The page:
Nassim Taleb: Ask Me Anything

Discussion in 'Options' started by Pekelo, Jun 29, 2017.

  1. MrMuppet

    MrMuppet


    You know, I'd rather read Sinclair to be honest. His stuff is practical and his models are robust/uses models in a robust way.

    By "professionals" do you mean those guys who work for big banks, never risk their own money and juggle a massively overleveraged portfolio on the basis of a wonky model that disintegrates with the slightest change of correlations?

    If yes, Taleb is the perfect read for them...when they blow up, they just look for another job.


    I trade my own money and prefer Filthy.
     
    #31     Jun 30, 2017
  2. franT

    franT

    Taleb's concepts can be summarized as : buy Powerball tickets, and never short them.

    If you can know when Pball jackpot is hitting you can cut your costs and improve your odds greatly.
     
    #32     Jun 30, 2017
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  3. Pekelo

    Pekelo

    I think trying to TIME Taleb's strategy works better, than just running it all the time. After a big crash, we are usually OK for a few years at least (someone can run the stats), so I wouldn't run the put buying for at least 2-3 years after a crash. Right now we have been due for one, and I think we will have one in this year, so let's buy some puts....

    Also seasonality could be thrown into the picture, when let's say between Sept-Nov one is buying more puts than usual...
     
    #33     Jun 30, 2017
  4. MrMuppet

    MrMuppet

    Well, I'm not a nobel prize winner but the problem with Talebs Black Swan approach is the fact that he doesn't discount for the opportunity cost of low frequency events.

    In other words, if you look at a distribution with zero alpha and add a single outlier which is the entire alpha, missing to trade this outlier kills your return.

    Even if the powerball had positive expectancy you can play it twice a week...and with odds of 1 to 6 billion, you simply don't live long enough to take advantage of the law large numbers. So, you just don't open a HF get long tails and wait for the big bang once in a couple of years, even though you are correct that the outliers aren't priced in.
    Inconsistent returns don't scale. There is political, regulatory and overall economic risk to be considered. What do you do when you hit a homerun and cannot cash in because your counterparty defaulted?

    Look at the guys who do it the other way around. They have 70 IQ and sell OTM puts every month for 2/20 and when they inevitably blow up, they open shop under a different name.

    So from a scientific perspective, Taleb is correct...but the idiots have success and he doesn't.
     
    Last edited: Jun 30, 2017
    #34     Jun 30, 2017
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  5. zdreg

    zdreg

    is 2/20 an expiration date? you mean sell EVERY monthly expiration date simultaneously including short dated ones?
     
    #35     Jun 30, 2017
  6. MrMuppet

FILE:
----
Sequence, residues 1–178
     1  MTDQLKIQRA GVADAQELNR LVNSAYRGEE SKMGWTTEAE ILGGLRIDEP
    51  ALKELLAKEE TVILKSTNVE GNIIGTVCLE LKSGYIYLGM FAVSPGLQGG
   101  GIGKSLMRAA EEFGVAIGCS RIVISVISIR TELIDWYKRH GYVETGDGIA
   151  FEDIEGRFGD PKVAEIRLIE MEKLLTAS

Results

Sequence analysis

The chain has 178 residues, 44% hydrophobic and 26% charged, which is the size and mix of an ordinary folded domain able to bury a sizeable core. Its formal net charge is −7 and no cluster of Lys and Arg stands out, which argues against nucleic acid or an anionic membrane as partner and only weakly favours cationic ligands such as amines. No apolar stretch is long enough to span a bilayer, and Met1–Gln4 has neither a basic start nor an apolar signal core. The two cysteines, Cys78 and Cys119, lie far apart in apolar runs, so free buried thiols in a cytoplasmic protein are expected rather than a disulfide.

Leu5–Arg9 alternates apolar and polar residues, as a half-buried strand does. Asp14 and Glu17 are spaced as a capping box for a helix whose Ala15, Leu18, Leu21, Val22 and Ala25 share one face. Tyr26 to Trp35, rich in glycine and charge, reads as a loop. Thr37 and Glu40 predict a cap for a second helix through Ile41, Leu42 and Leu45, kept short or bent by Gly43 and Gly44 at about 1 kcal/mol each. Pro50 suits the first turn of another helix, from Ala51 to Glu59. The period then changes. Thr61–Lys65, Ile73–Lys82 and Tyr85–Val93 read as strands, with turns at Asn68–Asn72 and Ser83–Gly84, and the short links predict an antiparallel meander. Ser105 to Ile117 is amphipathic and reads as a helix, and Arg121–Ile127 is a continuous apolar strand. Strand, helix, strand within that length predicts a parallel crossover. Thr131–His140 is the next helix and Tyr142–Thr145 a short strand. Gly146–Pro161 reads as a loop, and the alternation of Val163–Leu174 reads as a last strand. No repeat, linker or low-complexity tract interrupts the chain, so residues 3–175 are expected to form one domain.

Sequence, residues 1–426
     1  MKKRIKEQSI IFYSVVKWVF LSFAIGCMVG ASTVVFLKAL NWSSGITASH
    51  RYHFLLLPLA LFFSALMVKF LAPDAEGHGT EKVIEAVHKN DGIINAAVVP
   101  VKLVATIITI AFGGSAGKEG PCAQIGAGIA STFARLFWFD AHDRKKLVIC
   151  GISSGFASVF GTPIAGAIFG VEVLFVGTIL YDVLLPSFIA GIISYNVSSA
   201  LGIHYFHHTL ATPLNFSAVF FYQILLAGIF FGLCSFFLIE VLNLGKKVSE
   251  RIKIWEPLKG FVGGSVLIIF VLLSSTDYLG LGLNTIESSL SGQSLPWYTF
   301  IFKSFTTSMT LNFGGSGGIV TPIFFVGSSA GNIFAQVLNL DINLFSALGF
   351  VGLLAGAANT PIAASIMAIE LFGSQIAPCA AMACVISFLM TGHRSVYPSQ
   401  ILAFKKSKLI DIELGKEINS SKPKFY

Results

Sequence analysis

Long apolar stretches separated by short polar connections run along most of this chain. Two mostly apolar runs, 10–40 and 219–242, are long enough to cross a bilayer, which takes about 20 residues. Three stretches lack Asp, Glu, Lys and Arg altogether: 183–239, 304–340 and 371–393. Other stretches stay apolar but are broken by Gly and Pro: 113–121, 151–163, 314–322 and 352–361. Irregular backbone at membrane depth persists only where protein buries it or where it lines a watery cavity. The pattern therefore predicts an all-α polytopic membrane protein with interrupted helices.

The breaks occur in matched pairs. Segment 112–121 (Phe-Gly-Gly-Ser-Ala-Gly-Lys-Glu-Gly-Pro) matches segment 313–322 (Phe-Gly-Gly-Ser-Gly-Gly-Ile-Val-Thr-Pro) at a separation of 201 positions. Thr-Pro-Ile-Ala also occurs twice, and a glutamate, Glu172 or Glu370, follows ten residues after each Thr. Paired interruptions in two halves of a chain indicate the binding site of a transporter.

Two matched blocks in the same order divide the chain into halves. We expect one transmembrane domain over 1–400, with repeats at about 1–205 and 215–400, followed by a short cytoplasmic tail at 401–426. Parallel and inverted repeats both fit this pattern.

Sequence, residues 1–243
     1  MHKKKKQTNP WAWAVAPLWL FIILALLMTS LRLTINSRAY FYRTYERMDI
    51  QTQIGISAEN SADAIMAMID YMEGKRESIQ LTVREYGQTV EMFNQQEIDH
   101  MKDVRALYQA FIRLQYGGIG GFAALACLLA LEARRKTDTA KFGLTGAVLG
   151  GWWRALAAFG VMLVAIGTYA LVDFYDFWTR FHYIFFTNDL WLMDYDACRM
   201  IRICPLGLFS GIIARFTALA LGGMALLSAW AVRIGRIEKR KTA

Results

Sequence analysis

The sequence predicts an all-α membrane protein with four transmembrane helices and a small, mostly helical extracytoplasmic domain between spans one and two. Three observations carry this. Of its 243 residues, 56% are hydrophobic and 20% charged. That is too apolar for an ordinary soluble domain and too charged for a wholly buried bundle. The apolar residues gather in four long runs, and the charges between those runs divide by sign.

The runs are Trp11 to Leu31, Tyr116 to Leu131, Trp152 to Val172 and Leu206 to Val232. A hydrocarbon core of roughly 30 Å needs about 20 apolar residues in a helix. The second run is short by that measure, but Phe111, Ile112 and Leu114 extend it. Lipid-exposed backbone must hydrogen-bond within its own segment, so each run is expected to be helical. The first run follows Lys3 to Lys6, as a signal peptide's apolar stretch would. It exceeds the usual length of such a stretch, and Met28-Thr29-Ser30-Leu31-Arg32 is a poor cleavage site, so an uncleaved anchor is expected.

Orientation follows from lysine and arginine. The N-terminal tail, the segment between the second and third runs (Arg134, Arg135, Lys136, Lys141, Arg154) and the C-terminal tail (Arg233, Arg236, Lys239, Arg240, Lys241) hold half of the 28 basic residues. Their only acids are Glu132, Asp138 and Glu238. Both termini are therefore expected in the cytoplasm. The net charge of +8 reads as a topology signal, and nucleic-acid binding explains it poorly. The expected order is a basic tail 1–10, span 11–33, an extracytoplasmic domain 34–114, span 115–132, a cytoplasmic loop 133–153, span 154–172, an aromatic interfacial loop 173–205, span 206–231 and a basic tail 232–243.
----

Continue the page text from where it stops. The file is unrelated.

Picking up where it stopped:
MrMuppet

    no, it's the split. 2% management fee and 20% profit split. Selling OTM premium works like a charm...untill it doesn't. Create a website with lots of word shells like "quantitative models" put some lipstick on a monkey and put it behind your trading station...just in case investors come to visit while you are playing golf or enjoy a day at the beach.
    Sell OTM premium, roll down and out and add size when the market goes against you.

    Collect AUM by posting steady returns and enjoy the fees as long as they last.

    When the crash comes, blame others and start all over again. This sells much better than "Gimme your moneys, I hope we get a homerun in the next 5 years...or not" :)
     
    #36     Jun 30, 2017
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  7. Taleb's philosophy and trading style is pretty much the opposite of LTCM's. Better know your topic a little better before making such a comparison.
     
    #37     Jun 30, 2017
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  8. I never said Taleb Nassim and LTCM deployed the same strategy,

    I just said they are considered very smart people academically, but they both eventually blew up or got nowhere, o_O

    But in essence, both Taleb Nassim and LTCM...are virtually the same -- sure they operate on opposite ends of the spectrum, but the principle is kind of the same,
    One picks up small coins consistently...and the other is hoping for a relatively rare doomsday to make bank,

    Now you can debate which strategy is better till the end of time, but it won't matter much,
    Because trading the market is partly an art and skill given any time era or period in history,

    All that matters...at the end of the trading day is the bottom line...how you fared or tallied up when the sun comes down,
     
    Last edited: Jun 30, 2017
    #38     Jun 30, 2017
  9. Daal

    Daal

    Except this approach can be part of a multi-strategy approach. It can also be ramped up when risks (as judged by the portfolio manager) are higher than usual and toned down when risks are judged to be lower
     
    #39     Jun 30, 2017
  10. zdreg

    zdreg

    the comparison is that both groups consist of academicians. implied is that their way of thinking leads to poor outcomes.
     
    #40     Jun 30, 2017